Two noteworthy recent offerings at the high-power and low-power ends of vessel propulsion ranges come from Diesel Center in Italy and Hybrid Marine in the U.K. Both use twin electric “machines.” Diesel Center operates on a twin propeller shaft system, and Hybrid Marine operates on the same propeller shaft.
The Diesel Center system has been implemented on the San Lorenzo SL 106, seen in operation in the video above. The 115-ton motoryacht is 106’ (32m) in length with twin MTU 2,400 hp diesels. A 180 hp electric machine (developed by Diesel Center) has been added to each propeller shaft, operating in parallel with the MTU diesels.
In spite of the massive disparity in the rated power of the diesel engines and electric machines, it has been possible to design these to deliver the same torque to the propeller shafts—up to a diesel speed of 1,000 rpm (this is thanks to the inherently high torque of permanent magnet electric motors). As a result, the electric machines can drive this 106’ vessel at up to 10 knots. When in diesel engine mode, the electric machines can either be used to boost the diesel engines for faster acceleration or else can be driven as powerful generators.
The system additionally includes two 150 kW WhisperPower permanent magnet DC generators and a 150 kWh lithium-ion battery pack. The battery pack is able to deliver such things as overnight air conditioning at anchor without running a generator (one of the key goals of the system).
The electric motors are capable of handling all low-speed propulsion until the battery pack is depleted. This eliminates the most inefficient range of diesel engine operation at the same time as it delivers a remarkably quiet ride (another of the key goals of the system). At 9 knots the range in calm waters is around 10 miles. Once the battery pack is depleted, either the generators kick in, or one of the diesel engines can be cranked driving its electric machine as a generator, which powers the other electric machine. The combined propulsion load and electric machine load on the operating diesel engine is sufficient to drive it into a relatively efficient part of its fuel map, resulting in substantial overall fuel savings as compared to the conventional practice of running both diesel engines at light propulsion loads.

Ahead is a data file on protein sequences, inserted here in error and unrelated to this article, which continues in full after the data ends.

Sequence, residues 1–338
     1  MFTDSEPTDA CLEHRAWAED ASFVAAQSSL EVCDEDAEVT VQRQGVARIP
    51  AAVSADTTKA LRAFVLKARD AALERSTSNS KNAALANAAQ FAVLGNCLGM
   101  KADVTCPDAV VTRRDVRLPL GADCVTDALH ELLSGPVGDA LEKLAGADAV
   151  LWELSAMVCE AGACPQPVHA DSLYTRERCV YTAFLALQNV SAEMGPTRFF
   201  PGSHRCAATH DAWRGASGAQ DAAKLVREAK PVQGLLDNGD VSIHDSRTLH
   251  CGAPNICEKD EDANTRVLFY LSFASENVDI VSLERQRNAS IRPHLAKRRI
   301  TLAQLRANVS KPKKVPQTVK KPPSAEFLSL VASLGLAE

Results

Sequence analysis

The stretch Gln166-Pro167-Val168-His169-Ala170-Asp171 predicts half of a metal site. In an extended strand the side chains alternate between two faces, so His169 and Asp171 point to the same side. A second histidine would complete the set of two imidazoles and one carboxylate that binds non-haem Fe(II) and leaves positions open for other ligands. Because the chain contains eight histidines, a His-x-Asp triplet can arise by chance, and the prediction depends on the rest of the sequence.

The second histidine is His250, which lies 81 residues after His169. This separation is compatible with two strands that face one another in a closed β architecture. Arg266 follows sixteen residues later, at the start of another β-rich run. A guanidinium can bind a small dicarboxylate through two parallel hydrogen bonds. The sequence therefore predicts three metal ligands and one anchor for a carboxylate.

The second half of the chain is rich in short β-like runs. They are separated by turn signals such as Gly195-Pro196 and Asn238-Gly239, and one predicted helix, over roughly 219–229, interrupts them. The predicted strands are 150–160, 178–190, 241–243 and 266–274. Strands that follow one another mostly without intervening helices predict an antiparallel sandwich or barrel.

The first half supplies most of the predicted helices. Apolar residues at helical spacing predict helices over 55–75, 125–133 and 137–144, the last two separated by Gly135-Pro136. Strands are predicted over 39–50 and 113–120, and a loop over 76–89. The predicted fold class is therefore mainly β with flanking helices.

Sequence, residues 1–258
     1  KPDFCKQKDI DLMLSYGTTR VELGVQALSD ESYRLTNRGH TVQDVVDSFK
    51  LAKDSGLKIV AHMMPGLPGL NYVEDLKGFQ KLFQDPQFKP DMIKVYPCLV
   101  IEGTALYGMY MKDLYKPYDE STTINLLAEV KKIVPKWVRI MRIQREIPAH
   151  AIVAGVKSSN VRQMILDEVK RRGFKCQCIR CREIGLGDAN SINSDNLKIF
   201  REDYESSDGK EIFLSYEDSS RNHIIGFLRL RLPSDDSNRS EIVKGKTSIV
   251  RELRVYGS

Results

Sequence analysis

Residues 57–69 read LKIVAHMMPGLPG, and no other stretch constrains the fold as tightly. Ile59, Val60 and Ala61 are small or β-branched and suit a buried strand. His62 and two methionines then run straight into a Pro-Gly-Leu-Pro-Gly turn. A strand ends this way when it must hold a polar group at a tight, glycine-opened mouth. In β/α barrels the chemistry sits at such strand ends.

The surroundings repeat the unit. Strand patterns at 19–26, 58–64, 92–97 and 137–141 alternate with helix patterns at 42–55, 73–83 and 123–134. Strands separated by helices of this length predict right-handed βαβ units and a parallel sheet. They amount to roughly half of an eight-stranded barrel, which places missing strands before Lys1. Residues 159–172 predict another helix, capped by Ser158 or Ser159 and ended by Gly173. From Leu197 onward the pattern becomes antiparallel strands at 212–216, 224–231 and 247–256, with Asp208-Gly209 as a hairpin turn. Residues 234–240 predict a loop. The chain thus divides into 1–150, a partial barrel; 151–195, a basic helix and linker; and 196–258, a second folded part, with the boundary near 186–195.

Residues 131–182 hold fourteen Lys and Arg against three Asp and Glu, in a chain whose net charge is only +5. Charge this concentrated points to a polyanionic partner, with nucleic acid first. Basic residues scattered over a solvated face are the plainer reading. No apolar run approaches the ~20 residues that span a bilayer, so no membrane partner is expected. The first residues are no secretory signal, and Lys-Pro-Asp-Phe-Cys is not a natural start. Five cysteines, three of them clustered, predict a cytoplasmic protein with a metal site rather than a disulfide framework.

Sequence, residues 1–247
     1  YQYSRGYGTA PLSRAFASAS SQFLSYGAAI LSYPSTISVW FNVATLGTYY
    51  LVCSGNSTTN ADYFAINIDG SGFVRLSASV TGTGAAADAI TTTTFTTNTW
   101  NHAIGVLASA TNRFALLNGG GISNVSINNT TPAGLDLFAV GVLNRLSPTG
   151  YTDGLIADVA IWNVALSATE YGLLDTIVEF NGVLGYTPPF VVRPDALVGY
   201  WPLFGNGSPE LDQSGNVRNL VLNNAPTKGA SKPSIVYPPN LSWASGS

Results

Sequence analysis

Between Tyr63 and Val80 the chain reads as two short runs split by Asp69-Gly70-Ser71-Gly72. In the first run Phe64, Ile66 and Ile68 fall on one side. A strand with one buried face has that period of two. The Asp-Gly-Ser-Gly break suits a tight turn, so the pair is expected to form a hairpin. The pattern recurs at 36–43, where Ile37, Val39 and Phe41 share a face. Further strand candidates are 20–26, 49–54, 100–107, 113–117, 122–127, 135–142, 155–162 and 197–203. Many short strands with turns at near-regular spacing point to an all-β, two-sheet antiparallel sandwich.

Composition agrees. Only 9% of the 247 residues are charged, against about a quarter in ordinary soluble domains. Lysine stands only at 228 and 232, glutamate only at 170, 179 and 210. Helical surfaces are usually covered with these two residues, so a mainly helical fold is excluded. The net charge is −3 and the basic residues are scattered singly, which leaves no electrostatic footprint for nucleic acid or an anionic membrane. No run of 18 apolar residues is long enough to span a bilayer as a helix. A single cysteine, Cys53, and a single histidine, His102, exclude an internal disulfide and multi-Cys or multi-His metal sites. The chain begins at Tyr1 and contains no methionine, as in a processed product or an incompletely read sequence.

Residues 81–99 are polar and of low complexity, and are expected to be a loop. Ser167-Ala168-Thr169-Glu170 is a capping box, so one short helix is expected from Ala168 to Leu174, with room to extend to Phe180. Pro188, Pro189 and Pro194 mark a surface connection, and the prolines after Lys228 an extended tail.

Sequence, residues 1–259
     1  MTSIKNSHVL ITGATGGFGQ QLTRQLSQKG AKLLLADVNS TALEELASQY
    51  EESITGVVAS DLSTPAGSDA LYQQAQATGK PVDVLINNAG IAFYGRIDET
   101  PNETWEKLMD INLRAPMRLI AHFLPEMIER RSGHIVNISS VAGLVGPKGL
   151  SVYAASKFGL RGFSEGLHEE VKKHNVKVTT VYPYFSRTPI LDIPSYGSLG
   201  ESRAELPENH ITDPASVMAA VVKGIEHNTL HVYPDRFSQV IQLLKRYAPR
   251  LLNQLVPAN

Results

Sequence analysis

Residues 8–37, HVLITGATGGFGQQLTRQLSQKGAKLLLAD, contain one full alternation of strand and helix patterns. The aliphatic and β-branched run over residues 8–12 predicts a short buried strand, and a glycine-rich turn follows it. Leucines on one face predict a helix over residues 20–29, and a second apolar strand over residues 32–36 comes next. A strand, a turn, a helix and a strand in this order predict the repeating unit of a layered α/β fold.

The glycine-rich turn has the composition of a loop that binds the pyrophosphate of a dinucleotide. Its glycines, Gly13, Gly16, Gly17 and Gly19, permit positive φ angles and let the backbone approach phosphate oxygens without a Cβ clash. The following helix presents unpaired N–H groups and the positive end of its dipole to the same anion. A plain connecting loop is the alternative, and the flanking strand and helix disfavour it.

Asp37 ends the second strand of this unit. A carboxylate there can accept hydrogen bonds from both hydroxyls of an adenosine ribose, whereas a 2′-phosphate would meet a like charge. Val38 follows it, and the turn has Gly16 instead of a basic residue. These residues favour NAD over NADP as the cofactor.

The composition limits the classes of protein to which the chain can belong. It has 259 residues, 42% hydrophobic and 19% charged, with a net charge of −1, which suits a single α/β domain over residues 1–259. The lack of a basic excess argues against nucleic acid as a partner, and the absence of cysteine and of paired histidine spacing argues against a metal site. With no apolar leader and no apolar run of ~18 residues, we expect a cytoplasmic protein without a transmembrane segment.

The Hybrid Marine system is particularly intriguing in as much as it offers both serial and parallel operation in a single package. Two electric machines are connected to a propeller shaft, which is also connected to a diesel engine. A patent-pending “powersplit” arrangement of clutches and gears enables either or both of the electric machines to drive or be driven by the propeller shaft in a parallel hybrid configuration. Or it can enable one electric machine to be driven as a generator by the diesel engine providing power to the other machine, which now drives the propeller in a diesel-electric serial configuration (and which can also be used to bypass the transmission in the event of a transmission failure).
The engine can be used in stand-alone mode, or can drive both electric machines as generators. The electric machines can also be used as a back-up starter motor. When the system is installed on a sailboat, the electric machines can be driven in regeneration mode (i.e., using sailpower to create electricity). Graeme Hawksley, the designer, has defined a conceptually somewhat overwhelming 30 different potential modes of operation! See www.hybridmarine.co.uk for further information.
For further reading see “We Can Have Hybrids” in Professional BoatBuilder No. 164.
About the Author: A contributing editor of Professional BoatBuilder, Nigel Calder is the author of Boatowner’s Mechanical and Electrical Manual and other marine titles (including, earlier in his career, Marine Diesel Engines), and is a member of the American Boat & Yacht Council’s Electrical Project Technical Committee.